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NCR offers former employees lump-sum pension option

Like Ford and GM, move would limit liability, volatility


DULUTH, Ga.—NCR Corp. will give 23,000 former employees who are eligible for but not yet receiving monthly pension payments the opportunity to convert their future annuity to a lump-sum benefit payable in December.

The action will help meet the company's objective of “permanently reducing NCR's pension liability and supporting our profitable growth strategy,” Bill Nuti, NCR's chairman, president and CEO, said in a statement last week announcing the transaction.

NCR's action follows those by Ford Motor Co. and General Motors Co. to give certain former employees the option to take their monthly annuity as a lump-sum payment. For participants remaining in its pension plan, GM is purchasing a group annuity from Prudential Insurance Co. of America to cover their benefits and is terminating the plan.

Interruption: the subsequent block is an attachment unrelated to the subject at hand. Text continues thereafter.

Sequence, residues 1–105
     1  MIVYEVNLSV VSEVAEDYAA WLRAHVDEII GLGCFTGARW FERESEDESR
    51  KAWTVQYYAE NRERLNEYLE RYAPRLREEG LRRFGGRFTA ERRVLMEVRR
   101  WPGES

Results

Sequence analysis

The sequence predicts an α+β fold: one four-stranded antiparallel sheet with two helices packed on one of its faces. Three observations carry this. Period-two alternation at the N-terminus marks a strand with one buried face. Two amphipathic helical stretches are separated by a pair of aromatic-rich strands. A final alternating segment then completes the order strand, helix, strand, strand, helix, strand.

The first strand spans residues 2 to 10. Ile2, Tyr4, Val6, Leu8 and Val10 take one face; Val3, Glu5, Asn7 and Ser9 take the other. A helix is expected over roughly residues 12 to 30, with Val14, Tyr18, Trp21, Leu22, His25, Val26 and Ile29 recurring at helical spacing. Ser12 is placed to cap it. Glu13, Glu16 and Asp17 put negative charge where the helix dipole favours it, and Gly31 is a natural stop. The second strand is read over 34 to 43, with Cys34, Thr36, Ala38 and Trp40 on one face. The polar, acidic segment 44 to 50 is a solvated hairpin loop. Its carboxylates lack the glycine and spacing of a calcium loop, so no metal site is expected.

More employers are expected to follow in the paths blazed by Ford, GM and NCR, benefits experts say. Through such pension “de-risking” strategies, employers no longer will be exposed to factors such as interest-rate fluctuations and investment results that can cause big changes in their pension plans' costs and contributions.

In addition, employers can reduce certain fixed costs, such as the payment of premiums to the Pension Benefit Guaranty Corp., associated with offering a defined benefit plan.

Giving deferred vested plan participants the opportunity to take their future benefit as a lump sum is the latest step NCR has taken in recent years to control the growth of pension plan liabilities and reduce volatility.

In 2004, the Duluth, Ga.-based technology giant closed off its pension plan to new employees. Then, effective Jan. 1, 2007, NCR completely froze the plan while beefing up its 401(k) plan match.

On the investment side, NCR in 2009 began to reallocate plan assets away from equities and into fixed-income investments. As a result, fixed- income asset allocation increased from 39% at the end of 2009 to 80% in 2011 and is expected to be 100% fixed income by the end of this year, the company said.